Sunday, February 24, 2013

The day everything started to change, part 2

You may want to read part 1 first.

Today's update: Gery is having trouble maintaining his blood pressure and respiratory rate.  He has pulmonary embolisms and is on blood thinners, which carries a risk of more bleeding in his brain, but his lungs need to be functional to make his brain functional.  Gery is DEFINITELY more awake and aware, and he has the capacity to move his right side.  Yesterday, when I walked around to his right hand, it was laying on the pillow, clenched in a fist with only his middle finger extended.  He is unhappy, and while I don't want him unhappy, I am so glad to see that my stubborn fighter of a husband is there.  He calms down when I sit with him, and I'm just waiting to be allowed back in now - the nurses usually ask me to leave for shift change.

Saturday, January 26, 2013, continued

As the ambulance arrived, so did our friends who were picking Sarah up, so I took her over to their car with her car seat and coat, and wished my friends luck.  As it turned out, Sarah was totally happy and fine with them until my brothers got to the Children's Museum to be with them, and once they were there, she had a blast.

Gery, on the other hand, was agitated and frustrated and starting to become a little defiant to the paramedics.  Since he was conscious and capable of moving, they wanted him to stand up out of the car.  He seemed to think he was being pulled over, and kept saying, "I already gave it to you," and "I'm not getting out for any f***ing Australians."  I finally said to him, "You're not in trouble, they just need to see what's underneath you," and he stood up.  I've never seen two men move so quickly - they had Gery on the stretcher and restrained in seconds.  I know it was for his own protection, in case he had another seizure or were to become physically aggressive.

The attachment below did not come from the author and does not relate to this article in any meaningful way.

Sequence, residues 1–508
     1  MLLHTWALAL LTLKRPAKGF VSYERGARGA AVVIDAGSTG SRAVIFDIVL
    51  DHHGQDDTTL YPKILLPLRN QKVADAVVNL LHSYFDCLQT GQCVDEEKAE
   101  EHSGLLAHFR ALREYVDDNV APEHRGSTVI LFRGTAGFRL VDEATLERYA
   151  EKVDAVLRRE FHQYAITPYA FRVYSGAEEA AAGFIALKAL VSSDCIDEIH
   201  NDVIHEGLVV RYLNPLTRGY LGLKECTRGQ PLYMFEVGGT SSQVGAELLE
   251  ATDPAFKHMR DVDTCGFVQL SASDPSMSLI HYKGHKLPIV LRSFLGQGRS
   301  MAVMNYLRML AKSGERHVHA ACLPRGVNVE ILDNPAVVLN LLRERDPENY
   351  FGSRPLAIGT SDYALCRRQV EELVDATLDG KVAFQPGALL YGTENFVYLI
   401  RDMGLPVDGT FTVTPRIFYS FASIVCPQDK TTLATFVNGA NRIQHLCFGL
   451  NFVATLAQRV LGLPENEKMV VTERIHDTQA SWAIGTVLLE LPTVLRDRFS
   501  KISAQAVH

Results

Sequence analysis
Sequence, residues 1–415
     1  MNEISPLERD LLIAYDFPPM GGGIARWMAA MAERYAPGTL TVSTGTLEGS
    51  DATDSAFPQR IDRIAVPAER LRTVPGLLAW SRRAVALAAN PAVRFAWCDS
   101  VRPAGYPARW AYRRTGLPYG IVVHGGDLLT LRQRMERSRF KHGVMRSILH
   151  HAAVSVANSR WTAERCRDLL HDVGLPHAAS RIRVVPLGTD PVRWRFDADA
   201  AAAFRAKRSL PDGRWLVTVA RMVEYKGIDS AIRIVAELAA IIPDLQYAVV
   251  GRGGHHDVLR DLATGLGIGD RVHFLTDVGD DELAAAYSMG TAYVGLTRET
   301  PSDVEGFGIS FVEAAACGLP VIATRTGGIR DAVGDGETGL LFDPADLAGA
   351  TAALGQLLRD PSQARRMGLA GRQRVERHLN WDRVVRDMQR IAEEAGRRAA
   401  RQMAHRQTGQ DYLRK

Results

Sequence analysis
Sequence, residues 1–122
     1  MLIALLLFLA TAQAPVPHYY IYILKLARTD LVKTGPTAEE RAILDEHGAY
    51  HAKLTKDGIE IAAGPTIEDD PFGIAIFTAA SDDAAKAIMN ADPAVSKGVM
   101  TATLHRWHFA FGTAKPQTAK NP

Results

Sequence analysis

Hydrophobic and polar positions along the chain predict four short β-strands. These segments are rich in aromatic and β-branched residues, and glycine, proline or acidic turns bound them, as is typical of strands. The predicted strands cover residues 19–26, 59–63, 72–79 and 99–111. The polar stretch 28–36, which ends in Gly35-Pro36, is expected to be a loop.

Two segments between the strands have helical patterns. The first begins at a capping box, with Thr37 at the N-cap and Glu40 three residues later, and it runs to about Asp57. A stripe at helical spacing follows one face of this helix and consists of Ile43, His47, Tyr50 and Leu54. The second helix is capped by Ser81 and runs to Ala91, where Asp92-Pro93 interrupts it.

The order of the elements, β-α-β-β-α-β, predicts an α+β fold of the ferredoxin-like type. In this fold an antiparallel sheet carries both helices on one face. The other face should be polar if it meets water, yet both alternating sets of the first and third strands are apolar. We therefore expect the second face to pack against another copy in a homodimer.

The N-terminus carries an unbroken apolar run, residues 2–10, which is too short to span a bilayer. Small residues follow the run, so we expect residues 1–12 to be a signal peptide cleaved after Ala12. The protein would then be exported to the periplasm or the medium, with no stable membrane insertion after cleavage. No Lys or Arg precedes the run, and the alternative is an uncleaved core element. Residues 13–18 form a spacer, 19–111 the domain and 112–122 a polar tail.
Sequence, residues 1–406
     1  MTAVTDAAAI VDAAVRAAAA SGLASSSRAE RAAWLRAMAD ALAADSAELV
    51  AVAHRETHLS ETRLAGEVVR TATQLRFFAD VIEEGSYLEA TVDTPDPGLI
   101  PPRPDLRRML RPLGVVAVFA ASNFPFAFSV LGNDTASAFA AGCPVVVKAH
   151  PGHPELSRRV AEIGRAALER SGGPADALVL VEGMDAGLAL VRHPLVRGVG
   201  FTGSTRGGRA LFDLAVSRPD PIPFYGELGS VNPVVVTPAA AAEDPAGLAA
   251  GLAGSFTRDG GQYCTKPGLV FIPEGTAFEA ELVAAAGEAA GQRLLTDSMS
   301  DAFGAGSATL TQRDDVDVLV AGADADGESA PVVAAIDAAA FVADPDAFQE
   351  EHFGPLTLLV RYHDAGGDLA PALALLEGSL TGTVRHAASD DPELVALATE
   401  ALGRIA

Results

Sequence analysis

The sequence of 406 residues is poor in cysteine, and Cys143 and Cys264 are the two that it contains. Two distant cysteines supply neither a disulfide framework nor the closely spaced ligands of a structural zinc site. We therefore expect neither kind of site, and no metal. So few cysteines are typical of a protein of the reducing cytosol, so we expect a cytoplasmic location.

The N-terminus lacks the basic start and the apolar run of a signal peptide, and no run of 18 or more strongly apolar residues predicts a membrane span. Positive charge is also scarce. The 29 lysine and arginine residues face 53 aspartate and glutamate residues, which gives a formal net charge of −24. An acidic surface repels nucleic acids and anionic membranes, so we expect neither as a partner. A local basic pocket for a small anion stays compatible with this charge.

The ambulance then sat there for about 15 minutes.  During that time, an emergency response truck from the ambulance service came, too, driven by my brother's boss.  My brother is an EMT in Erie, though he wasn't working that day.  My brother's boss explained that even though we were a few blocks from the hospital, they were giving Gery some Ativan and assessing his mental state.  Later I was told that he gave the correct latitude and longitude for Erie in response to the wrong question (he didn't answer "Do you know where you are?" with that).  He says he doesn't know the latitude and longitude for Erie. 

Finally, the ambulance moved and when I started following it, I thought the car was shaking really badly.  I was sure I needed a tire and an alignment.  The car turned out to be fine and I was the one shaking.  When I arrived at the hospital, of course, I couldn't just go in with Gery.  I had to do his registration paperwork and wait for him to be settled into a room.  My brother (the EMT) arrived at the hospital to be with me at about the same time my other two brothers were arriving at the Children's Museum to be with Sarah, and while I was waiting to be let in to Gery's room, I called his parents' house to let them know.